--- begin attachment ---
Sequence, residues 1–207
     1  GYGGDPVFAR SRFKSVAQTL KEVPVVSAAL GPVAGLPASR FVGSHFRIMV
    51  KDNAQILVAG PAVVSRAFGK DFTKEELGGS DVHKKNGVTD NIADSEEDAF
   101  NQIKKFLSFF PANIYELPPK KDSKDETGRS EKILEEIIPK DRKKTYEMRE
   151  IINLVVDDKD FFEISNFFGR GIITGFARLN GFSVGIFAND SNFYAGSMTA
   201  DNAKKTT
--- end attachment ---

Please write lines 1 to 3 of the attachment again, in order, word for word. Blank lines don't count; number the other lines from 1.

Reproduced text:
Sequence, residues 1–207
     1  GYGGDPVFAR SRFKSVAQTL KEVPVVSAAL GPVAGLPASR FVGSHFRIMV
    51  KDNAQILVAG PAVVSRAFGK DFTKEELGGS DVHKKNGVTD NIADSEEDAF